College Claims Desks Too Small For Fat People Is A ‘Microaggression’

Folks, there’s literally nothing you can do or say now that isn’t considered a “microaggression.”

The left – especially in academia – have made it literally impossible for anybody who isn’t a white male to exist in this world without being able to claim some form of intolerance and aggression. Assault, even.

In a guide published by New York’s New School, they run down the list of what all of us now know are the new “microagressions.” We’ve talked about them before, saying things like “you speak well for a black person,” and “you throw well for a girl,” are pretty clearly dumb things to say.

But now that we’ve accepted that, the left is going to take it one step further.

On the list of thigs that students can now consider a “microaggression” include “only readings from white cisgender men,” “faculty not asking for gender pronouns,” “professors choosing very expensive books and materials for classes,” being called “overly sensitive” when talking about microaggressions and my personal favorite:

“Seats in the classroom / auditorium / office are too small for many people.”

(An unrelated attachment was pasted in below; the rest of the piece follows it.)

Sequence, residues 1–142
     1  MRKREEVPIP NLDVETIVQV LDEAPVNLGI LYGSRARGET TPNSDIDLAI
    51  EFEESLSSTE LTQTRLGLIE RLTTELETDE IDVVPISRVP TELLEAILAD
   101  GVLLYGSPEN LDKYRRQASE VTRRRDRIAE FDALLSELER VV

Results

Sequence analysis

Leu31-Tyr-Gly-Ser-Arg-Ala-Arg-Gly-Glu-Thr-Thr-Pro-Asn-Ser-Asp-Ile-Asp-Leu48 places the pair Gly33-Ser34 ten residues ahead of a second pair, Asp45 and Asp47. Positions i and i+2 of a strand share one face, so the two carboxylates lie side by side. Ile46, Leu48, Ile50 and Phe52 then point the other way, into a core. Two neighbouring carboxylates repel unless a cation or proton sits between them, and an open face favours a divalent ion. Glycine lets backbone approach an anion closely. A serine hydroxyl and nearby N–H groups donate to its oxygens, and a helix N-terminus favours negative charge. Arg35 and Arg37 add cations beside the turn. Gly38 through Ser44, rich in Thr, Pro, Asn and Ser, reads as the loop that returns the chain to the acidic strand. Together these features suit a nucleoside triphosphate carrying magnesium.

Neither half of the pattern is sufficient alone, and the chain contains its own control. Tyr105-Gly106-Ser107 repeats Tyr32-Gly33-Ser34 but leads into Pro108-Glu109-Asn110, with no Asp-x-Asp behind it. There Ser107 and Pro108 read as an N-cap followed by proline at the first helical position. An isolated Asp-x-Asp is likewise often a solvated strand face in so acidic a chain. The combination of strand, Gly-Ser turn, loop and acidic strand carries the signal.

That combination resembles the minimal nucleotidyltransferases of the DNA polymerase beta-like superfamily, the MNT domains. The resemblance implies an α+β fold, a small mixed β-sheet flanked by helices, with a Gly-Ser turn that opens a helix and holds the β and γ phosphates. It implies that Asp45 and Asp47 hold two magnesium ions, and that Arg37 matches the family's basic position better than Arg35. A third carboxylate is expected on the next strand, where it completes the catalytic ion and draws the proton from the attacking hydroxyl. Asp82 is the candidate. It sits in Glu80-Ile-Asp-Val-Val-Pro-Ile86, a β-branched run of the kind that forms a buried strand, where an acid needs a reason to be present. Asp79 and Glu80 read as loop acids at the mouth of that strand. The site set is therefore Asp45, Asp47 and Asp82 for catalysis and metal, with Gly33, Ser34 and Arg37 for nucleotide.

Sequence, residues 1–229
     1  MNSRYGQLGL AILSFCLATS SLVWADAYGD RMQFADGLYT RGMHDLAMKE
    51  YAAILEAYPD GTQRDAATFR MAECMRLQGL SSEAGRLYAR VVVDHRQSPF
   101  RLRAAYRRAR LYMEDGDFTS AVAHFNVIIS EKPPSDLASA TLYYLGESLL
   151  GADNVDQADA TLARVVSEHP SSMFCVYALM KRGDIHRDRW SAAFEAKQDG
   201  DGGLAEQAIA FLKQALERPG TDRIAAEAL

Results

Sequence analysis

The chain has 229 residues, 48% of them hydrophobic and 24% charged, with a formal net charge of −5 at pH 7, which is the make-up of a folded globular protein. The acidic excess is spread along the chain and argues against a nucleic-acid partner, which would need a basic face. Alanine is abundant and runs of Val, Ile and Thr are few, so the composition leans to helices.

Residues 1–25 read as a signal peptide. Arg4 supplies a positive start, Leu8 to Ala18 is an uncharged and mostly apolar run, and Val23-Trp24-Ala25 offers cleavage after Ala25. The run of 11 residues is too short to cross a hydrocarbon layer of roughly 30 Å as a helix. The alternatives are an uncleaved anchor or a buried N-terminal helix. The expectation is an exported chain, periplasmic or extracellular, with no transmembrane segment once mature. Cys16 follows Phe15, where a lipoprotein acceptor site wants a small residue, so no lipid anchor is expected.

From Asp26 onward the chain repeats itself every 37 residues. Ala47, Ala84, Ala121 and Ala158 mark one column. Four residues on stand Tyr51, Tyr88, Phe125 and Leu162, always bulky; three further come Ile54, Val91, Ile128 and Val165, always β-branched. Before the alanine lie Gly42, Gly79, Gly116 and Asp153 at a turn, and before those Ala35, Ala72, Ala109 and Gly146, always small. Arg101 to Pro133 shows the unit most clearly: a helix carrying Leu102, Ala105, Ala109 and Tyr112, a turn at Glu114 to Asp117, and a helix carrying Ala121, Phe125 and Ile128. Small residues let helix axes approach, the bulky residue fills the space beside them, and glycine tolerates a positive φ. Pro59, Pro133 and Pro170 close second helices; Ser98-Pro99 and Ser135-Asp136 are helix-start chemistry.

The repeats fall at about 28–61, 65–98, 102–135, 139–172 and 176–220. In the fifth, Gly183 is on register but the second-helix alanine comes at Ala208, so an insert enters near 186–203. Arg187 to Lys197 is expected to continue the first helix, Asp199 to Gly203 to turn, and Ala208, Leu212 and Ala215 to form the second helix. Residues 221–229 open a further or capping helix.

Let’s be clear. The New School in New York is claiming that it is a microaggression to not have seats large enough to accommodate fat students. It’s perhaps the most insane claim I’ve heard to date.

But the guide doesn’t stop at microaggressions. No, they’ve invented some new terms. There’s microassault, microinsults and microinvalidations. Literally everyone can be offended everywhere at any time now!

So what are some examples of these new terms? They claim that holding a meeting in a place that isn’t wheelchair accessible is a “microinvalidation,” getting onto a subway car and sitting as far as possible from a homeless person is a “microassault” and asking lesbians how they engage in sexual intercourse is a “microinsult.”

Of course, now that everything is a “micro,” it’s the duty of New School to inform us that there’s nothing “micro” about their impact.

“The ‘micro’ in microaggression refers to the brevity and (to some) subtlety of the offense, and does not imply that these experiences are small in their harmful impact,” the guide explains. “If it impacts someone, and it’s a big deal to them, it’s not micro.”

The guide also offers students who have been micronized or … micronated … some tips for how to deal with the terrible violation.

“It is helpful in coping with daily microaggressions or bigger challenges to practice healing activities, such as yoga, meditation, fitness, healthy eating, and more,” the guide concludes, suggesting that students “join a support group or other identity/affiliation group to connect with others who understand you better, and seek counseling and other mental health services when you feel overwhelmed.”

These students – these ones who are microscopically being deconstructed into helpless children – these are the ones who will be running this world in 20 or 30 years.

Pray hard.

H/T: Campus Reform